She fell in love with film directing, and other projects followed. Once again, a friend told her that APTN was looking for an Aboriginal woman director to work on the series “Ca clique”. She sent in her recent films to the person in charge of the project but he harshly criticised her work, saying her filming lacked creativity. However, she did meet him with copies of her older films. She was hired and travelled to the communities. A triumphal experience.
Making films about Aboriginal people is a good means of giving them a voice. She formed her company “Alouki films” and has worked tirelessly for its success. The company was involved in a co-production with “Wakiponi Mobile”. This was a film funded by the Indian Affairs department about school dropouts, and stars the Algonquin rapper Samian. Rachel-Aloui thinks it will encourage young people to stay in school.
She is working on three more films about childbirth, first, in Mexico with Aboriginal women, then in a refugee camp in Uganda, and finally in the Dominican Republic. Starting out from a child’s birth, what kind of future prospects does she or he have?
Rachel-Alouki has plenty of projects and lots of hope. She is thrilled with the idea that young Aboriginal people are now learning filmmaking. This effort has to be constant, day-by-day.
Excerpts from the film L’espoir de Dany-Koo by Rachel-Alouki Labbé
The fire reappears to fade immediately into the other image showing a close-up of heads of a young woman and young man conversing.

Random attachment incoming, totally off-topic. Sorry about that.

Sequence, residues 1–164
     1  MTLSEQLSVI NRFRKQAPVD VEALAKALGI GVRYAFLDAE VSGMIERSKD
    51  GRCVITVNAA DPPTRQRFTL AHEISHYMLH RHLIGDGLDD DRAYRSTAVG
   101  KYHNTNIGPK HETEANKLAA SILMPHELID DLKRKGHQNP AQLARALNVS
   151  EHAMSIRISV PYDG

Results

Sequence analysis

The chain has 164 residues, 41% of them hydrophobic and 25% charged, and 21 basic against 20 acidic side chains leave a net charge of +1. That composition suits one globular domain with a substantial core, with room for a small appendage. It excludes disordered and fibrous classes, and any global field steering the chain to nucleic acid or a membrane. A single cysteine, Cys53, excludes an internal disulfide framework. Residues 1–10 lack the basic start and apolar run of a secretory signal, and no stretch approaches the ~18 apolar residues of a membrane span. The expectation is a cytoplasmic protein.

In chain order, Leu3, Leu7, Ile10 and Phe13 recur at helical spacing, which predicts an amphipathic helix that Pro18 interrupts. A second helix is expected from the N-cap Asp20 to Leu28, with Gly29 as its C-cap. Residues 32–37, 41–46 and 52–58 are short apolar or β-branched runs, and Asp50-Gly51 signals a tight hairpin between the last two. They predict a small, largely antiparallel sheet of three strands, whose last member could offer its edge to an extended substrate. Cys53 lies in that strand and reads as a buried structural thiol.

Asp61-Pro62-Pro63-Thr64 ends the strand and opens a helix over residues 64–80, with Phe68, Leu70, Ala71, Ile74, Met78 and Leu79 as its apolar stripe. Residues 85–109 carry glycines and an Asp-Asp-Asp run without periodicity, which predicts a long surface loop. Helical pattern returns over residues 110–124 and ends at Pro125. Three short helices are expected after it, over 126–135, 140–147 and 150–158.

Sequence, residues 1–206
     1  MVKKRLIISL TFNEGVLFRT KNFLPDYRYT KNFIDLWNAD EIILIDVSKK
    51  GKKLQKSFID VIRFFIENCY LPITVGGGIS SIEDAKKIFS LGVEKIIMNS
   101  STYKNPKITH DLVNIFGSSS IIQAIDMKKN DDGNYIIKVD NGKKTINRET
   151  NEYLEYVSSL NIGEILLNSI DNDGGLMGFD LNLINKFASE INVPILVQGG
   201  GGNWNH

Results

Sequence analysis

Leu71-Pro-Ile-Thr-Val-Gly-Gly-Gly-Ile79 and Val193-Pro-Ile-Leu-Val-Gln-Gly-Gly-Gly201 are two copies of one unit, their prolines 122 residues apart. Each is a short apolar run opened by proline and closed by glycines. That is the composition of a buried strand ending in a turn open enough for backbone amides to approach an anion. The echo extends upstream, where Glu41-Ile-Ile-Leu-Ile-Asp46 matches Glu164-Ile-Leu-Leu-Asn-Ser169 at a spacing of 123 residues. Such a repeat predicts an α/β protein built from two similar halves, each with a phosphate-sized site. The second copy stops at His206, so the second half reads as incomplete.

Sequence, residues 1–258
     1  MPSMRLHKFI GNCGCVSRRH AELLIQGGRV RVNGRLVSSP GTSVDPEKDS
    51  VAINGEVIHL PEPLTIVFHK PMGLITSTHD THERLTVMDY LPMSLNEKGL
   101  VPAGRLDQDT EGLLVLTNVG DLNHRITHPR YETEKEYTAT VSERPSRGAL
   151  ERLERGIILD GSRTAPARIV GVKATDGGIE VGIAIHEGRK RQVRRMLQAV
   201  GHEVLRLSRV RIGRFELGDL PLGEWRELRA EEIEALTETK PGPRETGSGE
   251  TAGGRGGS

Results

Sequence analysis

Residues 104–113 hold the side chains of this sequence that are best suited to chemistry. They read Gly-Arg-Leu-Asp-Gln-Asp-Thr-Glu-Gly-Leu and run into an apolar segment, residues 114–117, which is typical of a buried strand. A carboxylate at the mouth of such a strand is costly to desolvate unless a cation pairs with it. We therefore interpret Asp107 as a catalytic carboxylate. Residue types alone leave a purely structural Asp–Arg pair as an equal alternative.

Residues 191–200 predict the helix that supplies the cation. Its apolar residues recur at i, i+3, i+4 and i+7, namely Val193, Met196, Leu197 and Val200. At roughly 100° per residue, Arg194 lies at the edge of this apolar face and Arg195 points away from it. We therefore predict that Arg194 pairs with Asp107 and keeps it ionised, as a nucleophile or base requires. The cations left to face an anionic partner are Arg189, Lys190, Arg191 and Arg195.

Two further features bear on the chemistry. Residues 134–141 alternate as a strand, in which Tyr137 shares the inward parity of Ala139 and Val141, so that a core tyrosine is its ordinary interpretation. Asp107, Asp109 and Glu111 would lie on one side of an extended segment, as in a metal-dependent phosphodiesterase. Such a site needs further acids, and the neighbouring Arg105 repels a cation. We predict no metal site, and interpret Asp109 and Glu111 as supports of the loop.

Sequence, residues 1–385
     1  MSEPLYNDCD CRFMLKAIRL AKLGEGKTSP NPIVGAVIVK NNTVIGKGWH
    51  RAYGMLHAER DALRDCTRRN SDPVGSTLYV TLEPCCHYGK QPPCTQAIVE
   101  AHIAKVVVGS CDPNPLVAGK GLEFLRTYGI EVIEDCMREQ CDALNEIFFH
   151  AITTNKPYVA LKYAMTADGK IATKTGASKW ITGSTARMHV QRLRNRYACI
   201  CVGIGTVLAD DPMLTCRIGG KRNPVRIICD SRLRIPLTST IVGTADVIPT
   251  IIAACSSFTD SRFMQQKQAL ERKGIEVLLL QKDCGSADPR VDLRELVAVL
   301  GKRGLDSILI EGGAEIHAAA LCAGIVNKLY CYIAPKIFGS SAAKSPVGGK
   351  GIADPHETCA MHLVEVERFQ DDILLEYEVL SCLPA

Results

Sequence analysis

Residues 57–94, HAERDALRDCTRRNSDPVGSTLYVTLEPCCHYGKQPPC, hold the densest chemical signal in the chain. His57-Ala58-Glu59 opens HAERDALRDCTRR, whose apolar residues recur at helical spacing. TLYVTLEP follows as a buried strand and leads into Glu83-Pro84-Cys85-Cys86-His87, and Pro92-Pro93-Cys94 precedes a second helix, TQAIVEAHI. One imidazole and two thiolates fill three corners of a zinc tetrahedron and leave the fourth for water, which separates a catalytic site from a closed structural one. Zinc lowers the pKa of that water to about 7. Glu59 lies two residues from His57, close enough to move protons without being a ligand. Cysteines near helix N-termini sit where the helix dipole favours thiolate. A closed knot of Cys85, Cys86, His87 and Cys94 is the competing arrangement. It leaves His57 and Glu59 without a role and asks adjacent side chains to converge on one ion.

The other scene takes us along a dirt road bordered by trees. The film title appears on screen in Attikamekw and French. The road takes us to a close-up of three eagle feathers attached to a window frame.
Soon we see a young man and young woman approaching, walking hand in hand. He is tall and slim, a head taller than his companion. They look happy. In the following scene, they are sitting by a riverbank. The young woman speaks into the camera. Then we see a close-up of her. She continues to speak while smoothing wisps of her long hair that are agitated by the breeze. She has a very pretty face, and seems lit up with hope.
In the following scene, the camera takes to the road again. The landscape is snow-covered. The trees come into focus in against the rays of sunlight peeking through them. We pass two human silhouettes on the road.
In the following scene, the viewer is within the young couple’s kitchen. They are hugging in front of the stove. They kiss then separate so the young woman can pick up a baby another young woman brings to her.
The next shot shows the young mother speaking in front to the camera. We know she is in the baby’s room because we can see a crib and baby toys. In another scene, the young parents are cuddling and kissing their baby who is in its mother’s arms. Finally, in the kitchen again, we see the young mother dancing with her baby. Another young woman and a girl are with them. Both of them take the baby in their arms in turn.